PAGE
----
That’s a very good point too. This is the best interview I’ve had today. No, they don’t do that, what you said there. That’s stupid, isn’t it? … I think [people’s] first inclination is to love with a complete abandon and innocence, and then that goes wrong and from there on out it’s a gray area, and everyone’s doing their best in a set of blurred lines.
Oh, interesting. I see what you mean because when something bad has happened to you, you have to look out for yourself moving forward a little bit.
Sure, and you stop seeing things so clearly. But the other love, the first love, is selfless. You love and you don’t know what it means; you just know that you love that person and you cherish them, and then if that goes wrong you’re probably working at a deficit, both of you, [regardless of who] ended it.
Why do you think movies have such an inclination to romanticize prostitution in a way this movie does not?
Well, movies tend to romanticize everything because it’s digestible. Just like we put syrup on our pancakes. This one doesn’t because Neil’s a realist, as am I, and it is what it is. And the gray area is the black-and-white because the gray is what we live in. So ugly or not, it is what it is. Movies are linked with commerce as well, so if you romanticize something it’s more commercially viable.
Next time I see a movie I’m going to picture myself eating pancakes, as if it’s the same thing.
[Laughs] Well, they’re not dissimilar.
Well, no, it’s an enjoyable experience. It’s one of the pleasures. What else do you do with your Sunday? A walk in the park, eat pancakes, watch a movie, read the papers. It’s one of the pleasure activities.
So if someone eats pancakes while watching a movie, that’s just mind-blowing.
That’s taking it too far?
There’s only so much pleasure people are allowed in life.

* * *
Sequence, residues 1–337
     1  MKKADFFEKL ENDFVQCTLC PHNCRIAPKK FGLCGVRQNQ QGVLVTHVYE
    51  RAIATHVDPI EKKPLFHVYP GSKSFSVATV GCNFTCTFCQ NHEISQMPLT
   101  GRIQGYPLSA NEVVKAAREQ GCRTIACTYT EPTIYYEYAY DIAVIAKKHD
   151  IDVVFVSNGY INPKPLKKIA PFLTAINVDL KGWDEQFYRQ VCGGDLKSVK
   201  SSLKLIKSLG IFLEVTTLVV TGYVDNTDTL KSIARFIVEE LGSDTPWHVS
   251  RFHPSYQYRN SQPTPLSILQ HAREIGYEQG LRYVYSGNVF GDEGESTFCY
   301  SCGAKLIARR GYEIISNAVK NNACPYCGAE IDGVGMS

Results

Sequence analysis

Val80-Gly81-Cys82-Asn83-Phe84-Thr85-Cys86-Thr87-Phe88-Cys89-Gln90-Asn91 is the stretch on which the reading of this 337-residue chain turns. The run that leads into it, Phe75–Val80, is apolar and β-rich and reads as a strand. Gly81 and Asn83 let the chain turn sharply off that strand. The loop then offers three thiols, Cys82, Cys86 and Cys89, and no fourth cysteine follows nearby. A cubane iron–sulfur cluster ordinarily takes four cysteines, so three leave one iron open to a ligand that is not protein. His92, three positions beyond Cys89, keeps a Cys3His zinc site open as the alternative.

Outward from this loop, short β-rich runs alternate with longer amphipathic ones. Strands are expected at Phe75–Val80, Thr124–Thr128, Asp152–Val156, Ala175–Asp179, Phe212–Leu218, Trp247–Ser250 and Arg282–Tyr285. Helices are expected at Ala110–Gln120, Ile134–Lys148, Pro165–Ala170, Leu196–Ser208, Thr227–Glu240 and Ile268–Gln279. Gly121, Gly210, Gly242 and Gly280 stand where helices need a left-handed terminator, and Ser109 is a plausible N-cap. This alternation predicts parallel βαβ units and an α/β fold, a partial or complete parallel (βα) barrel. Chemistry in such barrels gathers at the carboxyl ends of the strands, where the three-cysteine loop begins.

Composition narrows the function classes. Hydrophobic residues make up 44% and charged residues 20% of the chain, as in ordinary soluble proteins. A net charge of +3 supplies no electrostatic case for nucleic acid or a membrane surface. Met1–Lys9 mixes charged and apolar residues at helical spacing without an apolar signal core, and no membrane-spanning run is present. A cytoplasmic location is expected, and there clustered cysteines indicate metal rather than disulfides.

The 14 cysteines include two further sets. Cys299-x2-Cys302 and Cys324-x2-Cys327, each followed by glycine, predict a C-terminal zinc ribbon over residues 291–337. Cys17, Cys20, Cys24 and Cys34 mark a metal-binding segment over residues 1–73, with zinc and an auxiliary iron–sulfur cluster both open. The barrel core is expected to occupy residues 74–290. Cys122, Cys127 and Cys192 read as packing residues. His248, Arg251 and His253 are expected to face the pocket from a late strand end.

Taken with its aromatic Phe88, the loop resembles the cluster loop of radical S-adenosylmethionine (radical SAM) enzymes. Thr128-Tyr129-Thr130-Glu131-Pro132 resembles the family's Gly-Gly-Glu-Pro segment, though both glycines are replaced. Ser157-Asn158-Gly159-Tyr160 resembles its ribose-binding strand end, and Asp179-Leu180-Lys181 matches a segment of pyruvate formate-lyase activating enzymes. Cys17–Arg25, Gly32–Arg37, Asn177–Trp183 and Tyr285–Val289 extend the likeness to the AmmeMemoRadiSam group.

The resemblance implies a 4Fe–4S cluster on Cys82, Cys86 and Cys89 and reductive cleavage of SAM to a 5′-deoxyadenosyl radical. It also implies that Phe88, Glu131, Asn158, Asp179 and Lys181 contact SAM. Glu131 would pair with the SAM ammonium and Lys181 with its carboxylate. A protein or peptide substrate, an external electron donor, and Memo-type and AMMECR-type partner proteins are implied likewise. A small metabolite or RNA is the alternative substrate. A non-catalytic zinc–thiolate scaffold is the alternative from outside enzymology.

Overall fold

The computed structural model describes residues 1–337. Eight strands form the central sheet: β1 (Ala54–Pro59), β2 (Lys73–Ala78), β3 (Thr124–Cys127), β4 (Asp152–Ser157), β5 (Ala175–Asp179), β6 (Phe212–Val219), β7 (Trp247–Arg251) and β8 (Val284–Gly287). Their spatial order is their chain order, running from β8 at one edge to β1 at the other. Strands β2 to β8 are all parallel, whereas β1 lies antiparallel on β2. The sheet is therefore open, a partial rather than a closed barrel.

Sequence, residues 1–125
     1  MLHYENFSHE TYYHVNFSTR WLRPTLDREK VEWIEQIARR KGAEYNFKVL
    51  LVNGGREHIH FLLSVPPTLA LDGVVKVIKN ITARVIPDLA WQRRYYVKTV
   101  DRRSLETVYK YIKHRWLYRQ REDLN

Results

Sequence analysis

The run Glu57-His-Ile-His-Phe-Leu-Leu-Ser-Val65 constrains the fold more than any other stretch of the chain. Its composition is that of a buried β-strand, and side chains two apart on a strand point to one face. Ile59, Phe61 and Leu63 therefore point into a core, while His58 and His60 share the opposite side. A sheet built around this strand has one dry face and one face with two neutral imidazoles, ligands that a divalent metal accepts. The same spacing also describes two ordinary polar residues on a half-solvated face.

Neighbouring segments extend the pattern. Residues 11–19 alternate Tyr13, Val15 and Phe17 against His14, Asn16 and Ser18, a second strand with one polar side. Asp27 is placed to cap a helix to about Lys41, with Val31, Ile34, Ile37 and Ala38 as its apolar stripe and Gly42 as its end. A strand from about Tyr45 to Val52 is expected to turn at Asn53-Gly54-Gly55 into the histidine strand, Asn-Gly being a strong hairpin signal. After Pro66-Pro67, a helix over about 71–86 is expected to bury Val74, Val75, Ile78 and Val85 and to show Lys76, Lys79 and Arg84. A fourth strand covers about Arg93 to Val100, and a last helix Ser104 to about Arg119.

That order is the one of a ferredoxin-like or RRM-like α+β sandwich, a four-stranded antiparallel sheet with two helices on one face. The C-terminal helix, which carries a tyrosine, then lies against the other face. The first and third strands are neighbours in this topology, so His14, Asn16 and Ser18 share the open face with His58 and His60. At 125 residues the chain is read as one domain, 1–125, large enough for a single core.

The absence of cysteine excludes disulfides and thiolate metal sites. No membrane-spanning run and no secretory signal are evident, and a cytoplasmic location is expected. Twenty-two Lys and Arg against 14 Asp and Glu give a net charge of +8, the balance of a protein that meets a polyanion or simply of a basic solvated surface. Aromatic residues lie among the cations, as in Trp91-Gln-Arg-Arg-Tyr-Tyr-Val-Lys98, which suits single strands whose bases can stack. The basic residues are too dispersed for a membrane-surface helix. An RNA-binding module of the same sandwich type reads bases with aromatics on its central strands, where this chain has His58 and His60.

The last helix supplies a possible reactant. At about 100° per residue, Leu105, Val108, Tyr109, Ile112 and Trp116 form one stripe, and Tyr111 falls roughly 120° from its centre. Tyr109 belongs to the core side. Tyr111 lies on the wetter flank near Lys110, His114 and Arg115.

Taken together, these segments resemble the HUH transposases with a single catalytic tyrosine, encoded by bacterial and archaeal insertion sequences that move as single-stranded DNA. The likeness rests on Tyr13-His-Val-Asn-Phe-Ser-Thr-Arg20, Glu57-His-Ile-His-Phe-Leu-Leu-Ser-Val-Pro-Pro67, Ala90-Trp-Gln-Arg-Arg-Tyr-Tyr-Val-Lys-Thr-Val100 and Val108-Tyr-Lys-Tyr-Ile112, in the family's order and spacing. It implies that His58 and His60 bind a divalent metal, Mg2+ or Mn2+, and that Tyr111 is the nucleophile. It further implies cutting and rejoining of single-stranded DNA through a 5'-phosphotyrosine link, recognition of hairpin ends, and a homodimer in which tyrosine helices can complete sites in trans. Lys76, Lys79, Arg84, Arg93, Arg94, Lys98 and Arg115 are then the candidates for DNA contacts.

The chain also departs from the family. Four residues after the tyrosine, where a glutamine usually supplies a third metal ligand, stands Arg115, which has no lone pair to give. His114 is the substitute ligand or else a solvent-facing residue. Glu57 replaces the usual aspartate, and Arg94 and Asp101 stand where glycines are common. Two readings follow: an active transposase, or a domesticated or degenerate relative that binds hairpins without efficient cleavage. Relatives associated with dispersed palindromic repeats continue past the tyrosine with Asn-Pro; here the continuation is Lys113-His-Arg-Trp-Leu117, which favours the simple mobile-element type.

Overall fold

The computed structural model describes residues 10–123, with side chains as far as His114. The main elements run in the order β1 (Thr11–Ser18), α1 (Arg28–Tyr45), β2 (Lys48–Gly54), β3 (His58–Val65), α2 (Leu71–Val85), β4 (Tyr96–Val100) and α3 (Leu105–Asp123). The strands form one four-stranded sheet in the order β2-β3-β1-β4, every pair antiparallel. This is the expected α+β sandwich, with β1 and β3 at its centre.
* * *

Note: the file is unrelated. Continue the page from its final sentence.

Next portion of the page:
Well, we have to limit it, don’t we?
You previously said, “I think a good mind can find dark and twisted things.” What dark and twisted things does your good mind find?
Well, all sorts of ones it wished it didn’t. You think things, don’t you. You think about worst-case scenarios and you encounter the twists and turns of a mind that’s lived and that has seen things. I saw this picture on the cover of the New York Times yesterday. I don’t know if you read the story about the SCUBA diver who went down too far and then surfaced. He had done so much damage to his lungs that he died, but he made it to the surface before he died.
And there’s this picture of him, just as he takes his first breath of real air, and the look in his eyes just before he died is the most terrifying thing you’ve ever seen. He’s seen death, and it didn’t look like it was very pretty. I guess with this film, where the eventual destination is a negative one, I guess [it’s] the same of our lives. I guess contemplating that is dark.
That’s a pretty heavy picture to be on the cover of the paper.
I think that it must have been a mistake. It’s the most disturbing image I’ve ever seen.
Usually that stuff doesn’t get put out there in the media.
Yeah. We don’t see people in that state, no.
On the subject of things that shake you up, I know how I felt after seeing Neil Labute’s “In the Company of Men,” “Your Friends and Neighbors” and “The Shape of Things.” Do you remember what your reactions were?
I think I found the candor with which he presents these dark or damaged souls [notable]. He doesn’t prepare you for it. He doesn’t protect you from it. He just presents it as it is. I think I found that shocking.
Could you say which movie messed you up the most?
Probably “In the Company of Men.” What about you?
Probably that one because it was the first. I always remember that last image of him shouting to her and her not being able to hear him. That’s a really powerful image. Neil’s so good at endings.
Yeah, he’s so good at endings. So true. Endings are really hard.